Ethnic Diversity and American Basketball:
A Socio-Cultural and Historical Analysis
Dr. Demetrius W. Pearson, University of Houston, Houston, Texas
The game of basketball, which originated at the Young Men’s Christian Association (YMCA) International
Training School at Springfield, Massachusetts in 1891, is arguably the most widely exported American sport
form. The game was invented by James Naismith, the Canadian born physical educator and coach, who was
commissioned by Dr. Luther Gulick, director of the school’s gymnasium department to develop an indoor
winter sport for students between football and baseball season (Swanson & Spears, 1995). Its national and
international appeal has garnered global attention from athletes and spectators inhabiting all six
continents. The immense popularity of basketball is evident at the amateur and professional levels. It is
estimated that well over 450 million people worldwide participate in organized competition, and countless
others engage in “pick-up” games on a daily basis (Wachtel, 2009). Global network and media coverage has
made it among the more marketable sports in the world. The etiology and evolution of basketball
throughout the 20th century yields a unique socio-cultural and historical perspective of American sport, as
well as racial and ethnic relations. This archival analysis of American basketball traces the salient aspects of
the sport’s growth, its ethnic diversity, and socio-cultural impact globally.
Dr. James Naismith
YMCA Training School
Historical circumstance has played a major role in the development of American sport forms. Basketball,
invented during the height of the Industrial Revolution and the Guilded Age period (1880-1920), was no
exception (Zeigler, 1988). The industrial workplace was the catalyst of America’s growth and expanding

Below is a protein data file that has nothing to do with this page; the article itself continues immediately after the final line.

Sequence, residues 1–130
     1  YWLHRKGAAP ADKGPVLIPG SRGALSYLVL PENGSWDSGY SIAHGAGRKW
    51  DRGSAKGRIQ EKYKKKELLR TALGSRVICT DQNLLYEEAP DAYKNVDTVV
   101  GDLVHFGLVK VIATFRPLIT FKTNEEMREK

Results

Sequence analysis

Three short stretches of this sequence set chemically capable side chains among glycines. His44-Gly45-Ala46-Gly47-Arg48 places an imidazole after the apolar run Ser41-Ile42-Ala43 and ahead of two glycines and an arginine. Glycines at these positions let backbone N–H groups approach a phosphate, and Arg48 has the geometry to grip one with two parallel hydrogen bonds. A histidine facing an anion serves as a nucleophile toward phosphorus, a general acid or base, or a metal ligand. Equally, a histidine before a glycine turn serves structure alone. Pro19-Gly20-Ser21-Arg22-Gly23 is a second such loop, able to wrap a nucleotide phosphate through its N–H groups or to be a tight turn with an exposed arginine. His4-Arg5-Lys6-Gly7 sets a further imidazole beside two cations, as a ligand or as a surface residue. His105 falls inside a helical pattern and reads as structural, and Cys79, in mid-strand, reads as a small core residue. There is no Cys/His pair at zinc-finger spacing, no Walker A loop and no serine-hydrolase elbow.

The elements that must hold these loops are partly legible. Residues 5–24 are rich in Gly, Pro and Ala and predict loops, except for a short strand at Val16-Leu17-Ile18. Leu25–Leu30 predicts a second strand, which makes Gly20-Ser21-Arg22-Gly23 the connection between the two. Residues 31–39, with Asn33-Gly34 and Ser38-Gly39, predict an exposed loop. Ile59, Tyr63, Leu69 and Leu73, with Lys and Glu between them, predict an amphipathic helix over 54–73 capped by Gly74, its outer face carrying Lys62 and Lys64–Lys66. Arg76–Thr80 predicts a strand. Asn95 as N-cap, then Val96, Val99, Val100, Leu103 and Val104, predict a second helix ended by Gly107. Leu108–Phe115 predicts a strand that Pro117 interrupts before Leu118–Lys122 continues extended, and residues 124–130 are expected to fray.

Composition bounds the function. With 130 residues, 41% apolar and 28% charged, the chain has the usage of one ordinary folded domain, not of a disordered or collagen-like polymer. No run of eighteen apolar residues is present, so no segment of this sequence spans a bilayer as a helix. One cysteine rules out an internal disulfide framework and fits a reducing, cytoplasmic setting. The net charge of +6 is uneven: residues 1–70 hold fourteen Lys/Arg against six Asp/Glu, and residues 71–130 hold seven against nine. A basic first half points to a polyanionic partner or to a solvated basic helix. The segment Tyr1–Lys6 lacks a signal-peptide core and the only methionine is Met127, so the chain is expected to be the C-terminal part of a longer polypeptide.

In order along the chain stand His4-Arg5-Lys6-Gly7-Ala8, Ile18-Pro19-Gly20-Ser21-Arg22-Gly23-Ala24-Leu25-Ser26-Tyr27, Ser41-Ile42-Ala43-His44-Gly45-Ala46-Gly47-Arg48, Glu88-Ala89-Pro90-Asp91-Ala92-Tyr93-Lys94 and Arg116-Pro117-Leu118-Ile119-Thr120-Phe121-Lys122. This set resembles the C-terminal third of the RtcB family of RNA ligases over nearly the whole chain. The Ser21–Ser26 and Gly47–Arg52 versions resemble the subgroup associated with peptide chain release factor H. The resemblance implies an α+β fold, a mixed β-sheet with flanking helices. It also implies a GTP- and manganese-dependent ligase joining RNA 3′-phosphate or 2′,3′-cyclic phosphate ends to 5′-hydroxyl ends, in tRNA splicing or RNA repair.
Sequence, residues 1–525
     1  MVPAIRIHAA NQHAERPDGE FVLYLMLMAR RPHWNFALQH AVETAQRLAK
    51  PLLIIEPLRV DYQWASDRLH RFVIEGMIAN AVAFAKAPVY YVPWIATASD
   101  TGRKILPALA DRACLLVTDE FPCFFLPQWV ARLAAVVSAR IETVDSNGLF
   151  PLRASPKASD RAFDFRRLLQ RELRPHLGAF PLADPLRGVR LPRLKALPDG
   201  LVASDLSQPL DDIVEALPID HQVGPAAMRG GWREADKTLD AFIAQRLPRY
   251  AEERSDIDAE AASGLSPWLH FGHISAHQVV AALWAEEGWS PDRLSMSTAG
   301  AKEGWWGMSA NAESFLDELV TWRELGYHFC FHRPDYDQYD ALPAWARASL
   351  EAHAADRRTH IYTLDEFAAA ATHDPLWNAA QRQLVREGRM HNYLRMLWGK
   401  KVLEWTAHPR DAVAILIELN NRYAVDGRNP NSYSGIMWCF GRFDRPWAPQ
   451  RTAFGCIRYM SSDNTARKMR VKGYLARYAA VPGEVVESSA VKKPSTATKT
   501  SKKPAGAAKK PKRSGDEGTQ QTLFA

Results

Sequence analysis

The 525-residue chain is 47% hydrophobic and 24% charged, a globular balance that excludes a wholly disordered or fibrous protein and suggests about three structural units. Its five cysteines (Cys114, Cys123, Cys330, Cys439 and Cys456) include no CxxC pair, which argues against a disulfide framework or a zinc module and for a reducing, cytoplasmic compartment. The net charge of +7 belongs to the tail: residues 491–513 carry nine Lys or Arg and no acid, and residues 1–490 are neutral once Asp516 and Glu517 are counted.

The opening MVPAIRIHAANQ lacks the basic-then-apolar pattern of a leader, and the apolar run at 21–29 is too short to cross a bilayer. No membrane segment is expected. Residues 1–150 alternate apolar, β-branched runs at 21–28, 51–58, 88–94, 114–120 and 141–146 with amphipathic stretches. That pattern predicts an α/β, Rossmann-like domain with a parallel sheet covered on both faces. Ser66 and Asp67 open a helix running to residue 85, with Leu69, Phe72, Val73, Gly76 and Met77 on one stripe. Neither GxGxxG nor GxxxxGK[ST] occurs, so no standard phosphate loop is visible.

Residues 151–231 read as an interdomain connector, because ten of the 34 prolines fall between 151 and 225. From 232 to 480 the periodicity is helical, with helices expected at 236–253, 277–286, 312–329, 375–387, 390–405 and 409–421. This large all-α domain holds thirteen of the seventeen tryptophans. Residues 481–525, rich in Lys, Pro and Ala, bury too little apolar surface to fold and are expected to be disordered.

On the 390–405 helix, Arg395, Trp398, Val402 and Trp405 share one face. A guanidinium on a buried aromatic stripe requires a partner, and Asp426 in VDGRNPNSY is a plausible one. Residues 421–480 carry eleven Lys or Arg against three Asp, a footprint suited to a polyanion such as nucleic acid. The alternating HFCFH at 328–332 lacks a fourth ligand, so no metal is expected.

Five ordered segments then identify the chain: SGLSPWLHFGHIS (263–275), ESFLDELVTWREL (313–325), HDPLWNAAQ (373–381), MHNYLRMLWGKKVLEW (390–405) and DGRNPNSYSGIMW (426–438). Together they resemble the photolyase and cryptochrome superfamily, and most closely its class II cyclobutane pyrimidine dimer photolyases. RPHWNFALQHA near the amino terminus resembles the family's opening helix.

economy during this period. Organized professional team sports and recreational pastimes grew out of this
environment partly due to the diverse workforce. Because of the massive immigration from Europe,
industrialists and capitalists believed that sport participation could be used to train immigrant workers to
become loyal, efficient, and patriotic citizens (Coakley, 2009). Therefore, team sports were employed as an
assimilatory agent and value purveyor in hopes that ethnic and cultural ties would be abandoned.
The systematic utilization of sport was basically for capitalist expansion and the status of the United States as a
world power. “Americanized” sports such as football, baseball, and basketball were endorsed and sponsored.
Coakley’s (2009) assessment of the Industrial Revolution and the development of organized American sports,
particularly as an acculturation process, helps explain the playground movement in densely populated urban
cities in the late 19th century. Advocates of the corporate-bureaucratic-meritocratic society promoted organized
playground programs that used team sports because they could suppress the traditional values of white ethnic
groups (i.e., Italians, Irish, Germans, Jews, and others) and replace them with those deemed “American.” The
inculcated values were reinforced in public schools, adult-sponsored sport programs, and ultimately the
industrial workplace. These groups were among the first to play organized basketball.
Early Ethnic Basketball Teams
Data were obtained through an extensive archival literature review, as well as on-site visits to key
repositories (i.e., museums, libraries, etc.), and designated etiological locales to examine relevant artifacts
and memorabilia. Audiovisual recording devices were employed to assist in the collection and duplication
of data, as well as casual conversations with curators and on-site resources.
The Growth of Basketball
Basketball was introduced far and wide by college ‘Y’ players and Naismith himself, who travelled with a
touring team along the east coast. His “barnstorming” eventually sowed the seeds of a vibrant new sport in
several major metropolitan areas. However, it was his YMCA “disciples” that took the game international to
China as early as 1895 (Ling, 2008). The sport expanded to the Midwest when Naismith relocated to Colorado
and eventually to Kansas. By the mid-1890s basketball was played extensively at YMCAs, settlement houses,
church facilities, and schools. The game was also picked up and revised by Senda Berenson at nearby Smith
College, and taught to her female students (Swanson & Spears, 1995). In 1898 the first professional basketball
league was established in Philadelphia. Eventually traveling “ethnic” basketball teams, like the Buffalo
Germans, toured the country. The inclusion of basketball as a demonstration sport in the 1904 Summer